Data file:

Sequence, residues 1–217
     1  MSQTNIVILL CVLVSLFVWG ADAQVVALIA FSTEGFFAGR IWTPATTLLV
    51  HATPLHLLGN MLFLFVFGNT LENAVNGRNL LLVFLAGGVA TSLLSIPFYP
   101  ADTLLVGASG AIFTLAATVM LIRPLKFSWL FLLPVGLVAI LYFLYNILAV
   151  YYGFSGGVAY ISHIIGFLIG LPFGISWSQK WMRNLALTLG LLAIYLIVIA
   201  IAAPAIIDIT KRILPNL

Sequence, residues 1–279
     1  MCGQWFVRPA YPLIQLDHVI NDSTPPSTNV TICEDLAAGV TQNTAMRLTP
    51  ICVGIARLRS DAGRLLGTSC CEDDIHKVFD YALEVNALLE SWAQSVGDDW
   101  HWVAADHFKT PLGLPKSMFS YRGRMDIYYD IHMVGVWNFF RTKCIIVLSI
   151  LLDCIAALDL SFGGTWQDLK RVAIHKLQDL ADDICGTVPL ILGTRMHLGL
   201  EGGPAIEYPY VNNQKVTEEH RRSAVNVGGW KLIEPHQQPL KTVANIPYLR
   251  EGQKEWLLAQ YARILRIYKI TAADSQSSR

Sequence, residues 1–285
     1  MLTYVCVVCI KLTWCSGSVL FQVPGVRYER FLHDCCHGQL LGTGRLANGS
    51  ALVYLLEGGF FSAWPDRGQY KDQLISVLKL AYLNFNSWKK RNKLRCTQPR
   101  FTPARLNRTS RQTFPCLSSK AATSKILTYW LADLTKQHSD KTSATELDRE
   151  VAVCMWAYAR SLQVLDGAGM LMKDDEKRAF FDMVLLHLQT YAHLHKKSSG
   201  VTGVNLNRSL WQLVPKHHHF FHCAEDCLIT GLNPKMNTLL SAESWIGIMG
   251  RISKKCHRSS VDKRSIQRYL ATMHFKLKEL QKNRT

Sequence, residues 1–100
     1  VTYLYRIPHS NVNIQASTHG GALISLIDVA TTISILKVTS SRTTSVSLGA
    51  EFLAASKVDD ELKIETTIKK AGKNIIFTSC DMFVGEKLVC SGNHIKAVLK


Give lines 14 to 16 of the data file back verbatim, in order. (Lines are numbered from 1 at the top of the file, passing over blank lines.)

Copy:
Sequence, residues 1–285
     1  MLTYVCVVCI KLTWCSGSVL FQVPGVRYER FLHDCCHGQL LGTGRLANGS
    51  ALVYLLEGGF FSAWPDRGQY KDQLISVLKL AYLNFNSWKK RNKLRCTQPR